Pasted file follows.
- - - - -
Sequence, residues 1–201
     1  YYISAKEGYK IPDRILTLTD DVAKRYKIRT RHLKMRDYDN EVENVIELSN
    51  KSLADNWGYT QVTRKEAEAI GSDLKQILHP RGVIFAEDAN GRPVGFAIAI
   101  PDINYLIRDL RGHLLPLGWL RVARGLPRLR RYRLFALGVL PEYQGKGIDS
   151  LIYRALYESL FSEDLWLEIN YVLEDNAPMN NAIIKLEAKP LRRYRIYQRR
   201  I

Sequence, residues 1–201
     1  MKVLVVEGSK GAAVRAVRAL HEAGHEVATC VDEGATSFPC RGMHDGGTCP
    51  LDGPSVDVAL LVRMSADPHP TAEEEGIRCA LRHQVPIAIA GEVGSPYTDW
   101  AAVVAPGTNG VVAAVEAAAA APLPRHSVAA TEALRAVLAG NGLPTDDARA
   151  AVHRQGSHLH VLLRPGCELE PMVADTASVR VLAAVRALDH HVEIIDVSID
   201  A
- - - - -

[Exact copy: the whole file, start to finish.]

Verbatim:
Sequence, residues 1–201
     1  YYISAKEGYK IPDRILTLTD DVAKRYKIRT RHLKMRDYDN EVENVIELSN
    51  KSLADNWGYT QVTRKEAEAI GSDLKQILHP RGVIFAEDAN GRPVGFAIAI
   101  PDINYLIRDL RGHLLPLGWL RVARGLPRLR RYRLFALGVL PEYQGKGIDS
   151  LIYRALYESL FSEDLWLEIN YVLEDNAPMN NAIIKLEAKP LRRYRIYQRR
   201  I

Sequence, residues 1–201
     1  MKVLVVEGSK GAAVRAVRAL HEAGHEVATC VDEGATSFPC RGMHDGGTCP
    51  LDGPSVDVAL LVRMSADPHP TAEEEGIRCA LRHQVPIAIA GEVGSPYTDW
   101  AAVVAPGTNG VVAAVEAAAA APLPRHSVAA TEALRAVLAG NGLPTDDARA
   151  AVHRQGSHLH VLLRPGCELE PMVADTASVR VLAAVRALDH HVEIIDVSID
   201  A